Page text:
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At the root of clinical engineering is a passion for applying scientific and engineering principles to help people receive potentially life-changing medical information. With the high demand for certified clinical engineers, now is the time to merge your passions for healthcare and engineering to use complex medical imaging technology and equipment for evaluation, research, patient care delivery, analysis and more. Apply your knowledge to your current job or supplement your education with this 100% online clinical engineer undergraduate certificate program that is the first of its kind in the nation.
Turn your drive into results in this program dedicated to advancing healthcare with optimized medical instruments and healthcare business expertise. As a subset of biomedical engineering, clinical engineering can set you apart in your industry, on job applications or in graduate school. Veterans with advanced electronics backgrounds are encouraged to apply.
A non-credit option is available and offers the same high quality course instruction as this for-credit program.
Official nameUndergraduate certificate in clinical engineering
Program typeUndergraduate certificate
Academic homeCollege of Engineering | Department of Biomedical, Biological and Chemical Engineering
Delivery mode100% online
AccreditationHigher Learning Commission
*This cost is for illustrative purposes only. Your hours and costs will differ, depending on your transfer hours, your course choices and your academic progress. See more about tuition and financial aid.
The online undergraduate certificate in clinical engineering will educate and prepare students to work in clinical engineering or biomedical-related jobs and disciplines in research or the healthcare industry. Certificate holders are trained to provide the operational evaluation of biomedical and health systems and products, such as integrated biomedical imaging systems, instrumentation, medical information systems, health management and patient care delivery systems. Certificate holders have job titles that may include:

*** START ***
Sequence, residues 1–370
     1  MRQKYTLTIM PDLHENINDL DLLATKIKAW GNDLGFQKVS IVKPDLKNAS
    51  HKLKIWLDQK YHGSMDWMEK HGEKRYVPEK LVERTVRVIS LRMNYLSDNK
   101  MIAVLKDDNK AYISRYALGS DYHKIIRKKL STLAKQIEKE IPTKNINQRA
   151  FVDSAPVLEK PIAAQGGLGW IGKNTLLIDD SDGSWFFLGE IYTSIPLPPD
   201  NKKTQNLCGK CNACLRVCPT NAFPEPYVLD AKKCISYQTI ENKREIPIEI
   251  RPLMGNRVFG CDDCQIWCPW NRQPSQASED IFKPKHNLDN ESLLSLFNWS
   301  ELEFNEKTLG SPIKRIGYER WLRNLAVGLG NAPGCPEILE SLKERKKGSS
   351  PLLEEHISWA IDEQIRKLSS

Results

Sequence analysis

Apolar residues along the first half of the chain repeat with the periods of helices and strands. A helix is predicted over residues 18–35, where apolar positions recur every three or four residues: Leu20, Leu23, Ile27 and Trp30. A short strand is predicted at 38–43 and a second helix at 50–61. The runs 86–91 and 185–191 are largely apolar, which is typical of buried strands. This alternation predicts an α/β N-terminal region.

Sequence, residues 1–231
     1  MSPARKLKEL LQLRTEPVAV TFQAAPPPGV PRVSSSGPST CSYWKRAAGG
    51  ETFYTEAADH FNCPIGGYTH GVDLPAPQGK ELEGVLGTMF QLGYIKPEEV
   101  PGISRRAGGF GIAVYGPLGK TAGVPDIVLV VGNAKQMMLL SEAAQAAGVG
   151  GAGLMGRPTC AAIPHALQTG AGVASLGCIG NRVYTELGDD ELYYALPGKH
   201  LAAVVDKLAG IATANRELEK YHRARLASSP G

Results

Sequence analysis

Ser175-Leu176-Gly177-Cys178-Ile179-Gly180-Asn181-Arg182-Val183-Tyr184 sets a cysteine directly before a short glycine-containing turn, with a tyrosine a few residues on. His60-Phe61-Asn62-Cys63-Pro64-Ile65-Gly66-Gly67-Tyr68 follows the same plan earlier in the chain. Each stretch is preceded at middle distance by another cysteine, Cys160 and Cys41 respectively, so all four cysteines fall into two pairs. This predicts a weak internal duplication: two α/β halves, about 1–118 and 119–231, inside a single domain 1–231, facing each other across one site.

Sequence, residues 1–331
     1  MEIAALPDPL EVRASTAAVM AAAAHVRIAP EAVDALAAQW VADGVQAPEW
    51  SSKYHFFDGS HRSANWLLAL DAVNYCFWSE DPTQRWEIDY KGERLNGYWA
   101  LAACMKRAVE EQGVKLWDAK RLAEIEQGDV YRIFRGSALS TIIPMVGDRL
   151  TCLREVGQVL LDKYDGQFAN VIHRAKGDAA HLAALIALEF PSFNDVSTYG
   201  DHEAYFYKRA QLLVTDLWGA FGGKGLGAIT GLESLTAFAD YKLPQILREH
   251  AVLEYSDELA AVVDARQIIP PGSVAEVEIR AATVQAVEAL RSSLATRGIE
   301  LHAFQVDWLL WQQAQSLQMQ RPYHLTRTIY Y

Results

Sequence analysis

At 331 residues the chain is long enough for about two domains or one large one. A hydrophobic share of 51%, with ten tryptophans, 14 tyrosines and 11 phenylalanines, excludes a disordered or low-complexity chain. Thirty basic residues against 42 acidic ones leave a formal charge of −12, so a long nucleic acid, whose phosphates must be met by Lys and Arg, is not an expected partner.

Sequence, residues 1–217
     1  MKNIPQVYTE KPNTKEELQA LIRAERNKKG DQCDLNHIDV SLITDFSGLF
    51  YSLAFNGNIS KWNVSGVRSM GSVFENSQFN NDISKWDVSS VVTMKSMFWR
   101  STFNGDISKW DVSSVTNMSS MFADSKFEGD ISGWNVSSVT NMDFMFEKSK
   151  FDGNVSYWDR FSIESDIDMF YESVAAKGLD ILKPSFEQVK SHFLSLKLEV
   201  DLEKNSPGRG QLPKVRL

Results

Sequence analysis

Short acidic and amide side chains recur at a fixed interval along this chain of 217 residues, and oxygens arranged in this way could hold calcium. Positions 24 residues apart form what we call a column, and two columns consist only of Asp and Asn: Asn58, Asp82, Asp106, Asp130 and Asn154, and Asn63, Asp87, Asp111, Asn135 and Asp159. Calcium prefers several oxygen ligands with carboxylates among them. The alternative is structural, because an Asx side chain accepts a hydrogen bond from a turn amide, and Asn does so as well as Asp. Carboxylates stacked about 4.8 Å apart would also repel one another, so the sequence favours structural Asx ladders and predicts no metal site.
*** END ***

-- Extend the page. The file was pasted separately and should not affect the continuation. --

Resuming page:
- Clinical service engineer
- Field service engineer
- Biomedical engineer
- Medical equipment technician
- Imaging specialist
The undergraduate certificate in clinical engineering is 100% online: no campus visits required.
Courses are semester-based. Students typically take 1-2 classes per semester and finish the program in 1-2 years.
Course work includes
- Biomedical engineering
- Biological engineering
- Biomedical imaging
- Fluorescent imaging
- Biomedical optics
- Nuclear magnetic resonance and magnetic resonance imaging
Typical program length1-2 years
Typical course load1-2 classes per semester
University of Missouri is accredited by the Higher Learning Commission, one of six regional institutional accreditors in the United States.
Robert Thomen is an assistant professor with a joint appointment with the Department of Biomedical, Biological and Chemical Engineering and the School of Medicine’s Radiology Department.
Thomen’s research gives the lungs another look. His team has hypothesized that a new way to see what is happening inside the lungs using hyperpolarized gas will make both treatments and diagnoses more precise. Thomen, who runs the Mizzou Pulmonary Imaging Research Lab, hopes these detailed scans can help researchers investigate, diagnose and treat diseases like COPD, asthma, cystic fibrosis, idiopathic pulmonary fibrosis and emphysema.
Dr. Hunt’s work explores the interfaces between surface chemistry, structure, composition and bulk, physical properties of advanced materials for optics, electronics and environmental applications with a focus on the development of new techniques and materials systems that allow tailoring of optoelectronic material properties at the molecular level. Using principles of rational design and self-assembly, she designs and characterizes novel, nanostructured materials for optoelectronic devices.
Charles Darr is an assistant teaching professor in bioengineering at the University of Missouri. He teaches courses such as Introduction to Programming for Engineers, Capstone Design, Professional Development in Engineering, Engineering Analysis of Bioprocesses and Orthopedic Biomechanics.
Dr. Terpstra’s research focuses on noninvasive quantification of weakly represented neurochemicals in 1H magnetic resonance spectra (MRS). This work was pioneered using ultra-high field magnetic resonance imaging systems, and is being translated for use on clinical scanners. Dr. Terpstra discovered the presence of the antioxidant ascorbate (vitamin C) resonance using homonuclear edited 1H MR spectroscopy. She is funded by the National Institute on Aging (NIH) to study whether antioxidant depletion is exacerbated by Alzheimer’s disease (AD). She is also part of the nationwide human connectome project on aging, which will use magnetic resonance imaging (MRI) to study brain connectivity to study risk and resiliency to Alzheimer's disease.